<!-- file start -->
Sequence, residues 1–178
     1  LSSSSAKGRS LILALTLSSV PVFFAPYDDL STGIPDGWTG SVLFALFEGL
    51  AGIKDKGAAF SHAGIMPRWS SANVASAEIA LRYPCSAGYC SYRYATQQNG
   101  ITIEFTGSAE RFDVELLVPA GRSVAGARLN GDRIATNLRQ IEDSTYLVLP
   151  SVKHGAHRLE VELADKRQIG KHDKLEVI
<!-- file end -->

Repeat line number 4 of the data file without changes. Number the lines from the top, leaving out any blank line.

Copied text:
   101  ITIEFTGSAE RFDVELLVPA GRSVAGARLN GDRIATNLRQ IEDSTYLVLP